The Brian Mulroney Institute of Government Fellows Lectures Presents
“The Democratic Peacekeeping Hypothesis”
Jamie Levin, Department of Political Science
March 13, 2023
5:15 pm–6:45 pm
Mulroney Hall 4032
United Nations peacekeeping has undergone two major shifts since the end of the Cold War. The first is a move away from limited efforts to maintain peace in post-conflict environments toward more robust efforts at peace enforcement. Second, the composition of peacekeepers has changed. In 1990, the leading contributors of personnel to UN peacekeeping missions were notable supporters of multilateral cooperation and other liberal-democratic norms with extensive peacekeeping experience. As of 2012, however, the top contributors to UN peacekeeping missions had changed dramatically: Bangladesh, Pakistan, Ethiopia, and Nigeria have replaced traditional peacekeepers Canada, Finland, Austria, and Norway. While liberal-democratic nations continue to bear most of the costs, they have all but disappeared on the ground. The effects of peacekeeping on the durability of peace, democratization, and economic development in receiving states are well documented. However, to date, few comprehensive studies have explored the effects of peacekeeping on the sending states themselves. That is the focus of this talk. Has peacekeeping engendered democratic norms in sending states? Or has contributing peacekeepers helped entrench illiberal and undemocratic norms amongst sending states?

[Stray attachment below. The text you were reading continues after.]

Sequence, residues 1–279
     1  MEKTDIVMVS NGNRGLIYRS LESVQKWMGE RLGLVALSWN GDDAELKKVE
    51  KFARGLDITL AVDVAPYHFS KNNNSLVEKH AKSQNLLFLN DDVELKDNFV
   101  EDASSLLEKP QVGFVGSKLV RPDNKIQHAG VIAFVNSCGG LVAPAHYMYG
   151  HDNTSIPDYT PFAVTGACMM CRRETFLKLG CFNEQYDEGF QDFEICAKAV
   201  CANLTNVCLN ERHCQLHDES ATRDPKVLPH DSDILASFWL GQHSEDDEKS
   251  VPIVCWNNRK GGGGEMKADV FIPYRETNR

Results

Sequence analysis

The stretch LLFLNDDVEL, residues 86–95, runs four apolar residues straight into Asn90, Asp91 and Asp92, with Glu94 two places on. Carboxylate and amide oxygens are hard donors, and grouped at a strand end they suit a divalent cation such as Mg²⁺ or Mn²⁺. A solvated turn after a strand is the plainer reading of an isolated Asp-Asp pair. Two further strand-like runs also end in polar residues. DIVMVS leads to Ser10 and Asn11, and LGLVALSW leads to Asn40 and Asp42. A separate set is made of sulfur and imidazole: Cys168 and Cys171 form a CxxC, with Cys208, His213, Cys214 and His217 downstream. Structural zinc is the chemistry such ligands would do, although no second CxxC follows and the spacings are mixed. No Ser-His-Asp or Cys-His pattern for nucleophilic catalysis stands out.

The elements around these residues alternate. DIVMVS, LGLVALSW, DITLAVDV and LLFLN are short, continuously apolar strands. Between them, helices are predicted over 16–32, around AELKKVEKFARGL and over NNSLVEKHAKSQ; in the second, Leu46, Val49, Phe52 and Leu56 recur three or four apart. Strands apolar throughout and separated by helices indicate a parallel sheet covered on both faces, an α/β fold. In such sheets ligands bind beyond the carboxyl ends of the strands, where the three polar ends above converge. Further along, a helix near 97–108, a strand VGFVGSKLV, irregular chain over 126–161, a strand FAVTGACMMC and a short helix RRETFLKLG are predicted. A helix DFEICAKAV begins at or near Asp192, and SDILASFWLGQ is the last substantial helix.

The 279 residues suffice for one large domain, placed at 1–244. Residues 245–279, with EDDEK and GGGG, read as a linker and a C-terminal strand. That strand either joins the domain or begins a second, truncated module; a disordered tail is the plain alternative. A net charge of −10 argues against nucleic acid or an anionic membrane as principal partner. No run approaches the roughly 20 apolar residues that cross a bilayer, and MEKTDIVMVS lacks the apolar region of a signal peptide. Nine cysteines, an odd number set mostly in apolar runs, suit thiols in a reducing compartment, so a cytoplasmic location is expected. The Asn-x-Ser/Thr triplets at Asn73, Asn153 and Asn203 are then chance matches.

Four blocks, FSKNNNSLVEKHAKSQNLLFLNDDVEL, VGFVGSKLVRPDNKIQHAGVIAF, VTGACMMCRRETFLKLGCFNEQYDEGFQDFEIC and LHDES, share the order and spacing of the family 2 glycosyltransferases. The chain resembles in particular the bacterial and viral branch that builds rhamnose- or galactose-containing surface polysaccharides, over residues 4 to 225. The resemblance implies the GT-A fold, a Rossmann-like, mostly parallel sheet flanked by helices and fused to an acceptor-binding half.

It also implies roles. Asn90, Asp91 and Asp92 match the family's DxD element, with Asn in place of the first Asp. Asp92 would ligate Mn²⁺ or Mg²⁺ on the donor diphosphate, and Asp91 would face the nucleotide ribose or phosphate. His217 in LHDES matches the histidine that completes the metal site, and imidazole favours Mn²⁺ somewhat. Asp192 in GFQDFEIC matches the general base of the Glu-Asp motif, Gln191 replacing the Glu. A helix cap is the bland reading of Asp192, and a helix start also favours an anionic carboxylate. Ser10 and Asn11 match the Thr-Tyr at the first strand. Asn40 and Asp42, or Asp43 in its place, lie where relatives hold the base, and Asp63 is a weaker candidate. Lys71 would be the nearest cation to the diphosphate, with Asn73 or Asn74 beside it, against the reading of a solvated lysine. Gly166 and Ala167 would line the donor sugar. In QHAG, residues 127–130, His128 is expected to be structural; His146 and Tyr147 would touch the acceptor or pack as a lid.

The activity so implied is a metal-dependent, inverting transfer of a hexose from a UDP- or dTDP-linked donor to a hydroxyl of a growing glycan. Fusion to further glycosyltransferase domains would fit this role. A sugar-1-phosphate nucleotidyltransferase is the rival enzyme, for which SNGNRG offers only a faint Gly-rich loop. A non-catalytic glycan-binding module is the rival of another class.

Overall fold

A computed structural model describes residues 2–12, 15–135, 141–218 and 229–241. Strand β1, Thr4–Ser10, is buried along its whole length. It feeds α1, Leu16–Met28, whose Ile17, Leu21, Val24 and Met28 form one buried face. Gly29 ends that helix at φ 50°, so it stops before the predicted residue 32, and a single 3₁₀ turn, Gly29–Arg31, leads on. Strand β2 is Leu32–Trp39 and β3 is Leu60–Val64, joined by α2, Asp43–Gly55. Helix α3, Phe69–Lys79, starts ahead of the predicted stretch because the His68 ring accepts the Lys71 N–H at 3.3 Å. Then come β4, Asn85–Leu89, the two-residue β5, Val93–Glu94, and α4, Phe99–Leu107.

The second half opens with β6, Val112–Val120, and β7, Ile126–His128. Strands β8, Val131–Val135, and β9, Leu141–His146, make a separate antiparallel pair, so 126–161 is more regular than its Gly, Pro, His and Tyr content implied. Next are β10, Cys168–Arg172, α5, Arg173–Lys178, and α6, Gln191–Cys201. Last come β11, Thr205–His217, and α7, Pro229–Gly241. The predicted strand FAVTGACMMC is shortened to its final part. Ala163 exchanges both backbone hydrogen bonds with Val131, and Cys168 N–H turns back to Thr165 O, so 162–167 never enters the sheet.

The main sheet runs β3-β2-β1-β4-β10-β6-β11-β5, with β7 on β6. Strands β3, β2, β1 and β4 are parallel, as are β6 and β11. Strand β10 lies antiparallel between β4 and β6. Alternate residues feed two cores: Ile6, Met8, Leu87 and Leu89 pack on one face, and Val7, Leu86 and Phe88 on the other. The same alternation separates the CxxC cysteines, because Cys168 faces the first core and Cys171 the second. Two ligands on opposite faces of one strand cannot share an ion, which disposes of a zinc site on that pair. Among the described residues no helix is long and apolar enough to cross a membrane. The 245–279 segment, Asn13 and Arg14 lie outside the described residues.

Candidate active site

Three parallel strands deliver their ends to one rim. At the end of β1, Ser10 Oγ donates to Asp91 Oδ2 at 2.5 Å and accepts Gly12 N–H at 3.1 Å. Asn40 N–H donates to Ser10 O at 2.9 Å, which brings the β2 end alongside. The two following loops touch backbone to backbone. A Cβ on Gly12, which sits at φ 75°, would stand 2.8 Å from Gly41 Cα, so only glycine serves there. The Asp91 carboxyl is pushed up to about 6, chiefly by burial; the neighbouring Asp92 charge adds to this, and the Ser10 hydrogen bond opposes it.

All are welcome.
Join us in person or via Zoom (https://us06web.zoom.us/j/83761202777).